A Letter from Dean Shabnam Koirala-Azad

by School of Education

Welcome to 2021. As a community of education scholars, practitioners, and mental health professionals, the USF School of Education is entering a new year with its continued commitment to advance justice through education. As we start the year, we are breathing a temporary sigh of relief following the transfer of power at the national level, impressive grassroots organizing at the local level, and initial stirrings of new policies that seek to repair harm. We all deserve it after a year of repeated adversity.

And still, if we learned anything from the converging pandemics of 2020, extending into 2021, it is that the issues we face are systemic in nature and deeply ingrained into the current social order. We recognize that, rampant materialism brought on by a capitalist framework, violent racism brought on by a white supremacist framework, and so many other divisions, disparities, behaviors, and attitudes, validated by such dominant frameworks, will continue to shape our realities if left un-addressed. In the School of Education, then, our approach involves both the recognition and critique of these existing frameworks, and efforts to create new concepts, ideas, behaviors, and attitudes that can lay the foundation for new social arrangements. In particular, we focus on the field of education, broadly defined, as the space in which, and the vehicle by which, we can start to test some of these ideas for change.  For us, our sites of practice, whether in schools, institutions of higher education, organizations, and communities, continue to be spaces of "radical possibility"..."to teach [and serve] in a manner that respects and cares for the souls of our students...to provide the necessary conditions where learning can most deeply and intimately begin” (hooks, 1994).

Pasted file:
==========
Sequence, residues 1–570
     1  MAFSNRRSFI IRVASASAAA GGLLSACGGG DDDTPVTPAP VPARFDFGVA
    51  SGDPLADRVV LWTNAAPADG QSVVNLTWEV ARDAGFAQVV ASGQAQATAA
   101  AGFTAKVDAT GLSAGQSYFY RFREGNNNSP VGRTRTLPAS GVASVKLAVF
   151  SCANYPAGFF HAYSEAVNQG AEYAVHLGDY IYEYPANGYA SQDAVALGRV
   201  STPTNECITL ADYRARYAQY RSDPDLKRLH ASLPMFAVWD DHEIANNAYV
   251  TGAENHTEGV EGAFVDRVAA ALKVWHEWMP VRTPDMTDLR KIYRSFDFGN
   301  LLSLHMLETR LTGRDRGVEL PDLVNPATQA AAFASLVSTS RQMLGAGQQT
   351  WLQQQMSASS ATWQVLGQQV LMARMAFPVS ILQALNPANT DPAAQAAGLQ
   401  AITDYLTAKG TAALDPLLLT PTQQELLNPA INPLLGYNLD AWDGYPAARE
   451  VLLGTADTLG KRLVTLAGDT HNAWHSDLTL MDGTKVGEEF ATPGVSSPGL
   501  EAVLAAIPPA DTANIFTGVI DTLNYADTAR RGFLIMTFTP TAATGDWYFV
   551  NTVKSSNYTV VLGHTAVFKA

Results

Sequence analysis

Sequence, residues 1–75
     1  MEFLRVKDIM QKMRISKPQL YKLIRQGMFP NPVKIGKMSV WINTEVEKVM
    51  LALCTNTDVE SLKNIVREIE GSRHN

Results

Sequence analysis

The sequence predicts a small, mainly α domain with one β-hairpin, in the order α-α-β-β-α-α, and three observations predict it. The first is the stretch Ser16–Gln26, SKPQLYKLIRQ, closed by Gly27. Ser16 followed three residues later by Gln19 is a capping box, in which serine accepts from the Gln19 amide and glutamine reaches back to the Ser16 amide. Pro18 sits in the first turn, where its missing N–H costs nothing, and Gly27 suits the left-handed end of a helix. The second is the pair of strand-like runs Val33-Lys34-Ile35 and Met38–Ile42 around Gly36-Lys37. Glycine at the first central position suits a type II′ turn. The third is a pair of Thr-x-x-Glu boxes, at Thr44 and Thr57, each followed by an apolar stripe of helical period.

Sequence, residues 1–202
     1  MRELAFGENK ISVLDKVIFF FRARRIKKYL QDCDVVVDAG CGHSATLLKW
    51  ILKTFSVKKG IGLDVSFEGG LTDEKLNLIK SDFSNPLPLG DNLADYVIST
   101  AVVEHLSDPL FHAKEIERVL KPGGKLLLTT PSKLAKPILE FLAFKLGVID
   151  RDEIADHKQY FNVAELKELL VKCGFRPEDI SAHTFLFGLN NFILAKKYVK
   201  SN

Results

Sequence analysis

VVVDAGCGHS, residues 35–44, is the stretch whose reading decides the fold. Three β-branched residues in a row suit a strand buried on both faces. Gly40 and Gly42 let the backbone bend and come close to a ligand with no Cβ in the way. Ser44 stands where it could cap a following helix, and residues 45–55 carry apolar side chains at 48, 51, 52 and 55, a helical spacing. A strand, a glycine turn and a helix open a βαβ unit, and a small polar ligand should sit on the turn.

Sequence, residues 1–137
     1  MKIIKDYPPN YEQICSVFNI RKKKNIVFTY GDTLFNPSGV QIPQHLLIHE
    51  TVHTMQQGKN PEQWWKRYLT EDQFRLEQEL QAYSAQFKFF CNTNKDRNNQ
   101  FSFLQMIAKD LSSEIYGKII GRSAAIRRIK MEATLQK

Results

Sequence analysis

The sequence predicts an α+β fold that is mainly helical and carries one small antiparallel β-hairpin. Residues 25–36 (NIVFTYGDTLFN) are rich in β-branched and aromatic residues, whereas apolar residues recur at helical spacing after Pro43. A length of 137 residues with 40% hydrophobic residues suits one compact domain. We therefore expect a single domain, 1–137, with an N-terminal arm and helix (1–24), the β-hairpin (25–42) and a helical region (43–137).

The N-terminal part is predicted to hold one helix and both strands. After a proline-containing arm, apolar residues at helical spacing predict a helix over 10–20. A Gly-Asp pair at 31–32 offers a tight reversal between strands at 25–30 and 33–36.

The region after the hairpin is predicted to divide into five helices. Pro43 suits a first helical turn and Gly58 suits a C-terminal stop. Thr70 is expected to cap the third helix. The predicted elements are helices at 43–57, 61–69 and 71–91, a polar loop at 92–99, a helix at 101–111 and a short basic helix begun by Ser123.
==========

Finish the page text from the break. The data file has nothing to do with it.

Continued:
In this regard, we are both pausing to address the most pressing issues of our time, and taking important steps towards the long road of radical systemic change. As we enter 2021, we will continue to advance and “maintain hope even when the harshness of reality suggests the opposite” (hooks, 1994). Twenty-two year old poet laureate Amanda Gorman describes it best in her poem, "Miracle of Morning":

We ignite not in the light, but in lack thereof,
For it is in loss that we truly learn to love.
In this chaos, we will discover clarity.
In suffering, we must find solidarity.
In testing times, we became the best of beings.

I wish you all a fulfilling new year, and hope that this edition of the newsletter uplifts as it informs.

In solidarity,

Shabnam Koirala-Azad
Dean, USF School of Education